What’s with the H’s and the N’s? What’s a flu strain?

Every year there’s a new flu shot. What’s going on with all these different “strains,” and what does it all mean?

There are four different types of influenza: A, B, C, and D. Influenza D is found in cattle and influenza C causes a mild respiratory infection. That leaves A and B. Both A and B types are included in the flu shot every year. In the quadrivalent shot (four viruses) there are two A and two B strains. In the trivalent shot (three viruses) there are two A’s and one B. 

The B type influenza isn’t divided into subtypes, but the A influenza type is. When you hear about type A, you often hear it associated with two letters: H and N. The seasonal flu vaccine has two subtypes of influenza A: H1N1 and H3N2. These are the two most common subtypes that infect humans. 

The H stands for hemagglutinin (HA) and the N stands for neuraminidase (NA). These are two proteins on the surface of the flu virus. There are 18 different HA proteins and 11 different N proteins, so you can imagine all the possibilities of combinations of H’s and N’s you can have. 

Not many viruses look like the ball-and-stick virus you often see pictured (like the emoji on your phone). The flu, however, does. That’s because of the HA and NA proteins on its surface. My daughter loves drawing this virus, as you can see from the photo!

The problem with the flu virus is that it can easily mutate. The mutations in the H’s and N’s are what we call “strains”. The strains that circulate are what scientists try to predict for the flu vaccine each year. For example, one of the influenza A strains, the H1N1 strain, in the vaccine this year is the H1N1 A/Brisbane/02/2018-like virus.

Scientists take into consideration the strains circulating in the Southern Hemisphere over their last winter, as well as what circulated in the Northern Hemisphere over our previous winter when deciding on this year’s flu vaccine strains.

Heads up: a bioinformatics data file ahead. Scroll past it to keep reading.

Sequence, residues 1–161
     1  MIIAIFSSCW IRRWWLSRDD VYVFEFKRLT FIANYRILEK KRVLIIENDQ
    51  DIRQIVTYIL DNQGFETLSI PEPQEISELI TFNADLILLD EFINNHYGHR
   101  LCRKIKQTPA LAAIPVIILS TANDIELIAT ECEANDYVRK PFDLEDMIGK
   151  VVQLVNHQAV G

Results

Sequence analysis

That’s why you need a new flu vaccine every year. 

You may argue that the scientists sometimes guess the circulating strains wrong and that the flu shot is pointless. Although the circulating strains aren’t always spot-on, because they tend to be similar to what’s circulating, the flu vaccine will still offer at least some protection. Even if you get the flu and have had the vaccine, there’s a good chance that the vaccine has helped shorten the amount of time you were sick, as well as how bad you were sick. 

There’s no reason not even to give yourself some protection if you can. 

We have other forms of influenza A that don’t cause large outbreaks and are not in the annual flu vaccine. 

There are times when an animal flu, such as the swine or avian flu, jumps into the human population. This type of flu, although not easily spread from person to person, is particularly deadly in those infected. For example, the avian flu (H5N1) in 1997 killed around 60% of those infected. 

The goal is a universal flu vaccine–one that offers protection for all A and B types. It may be on the horizon. For now, do your best to protect yourself, your family, and your community by getting vaccinated. 

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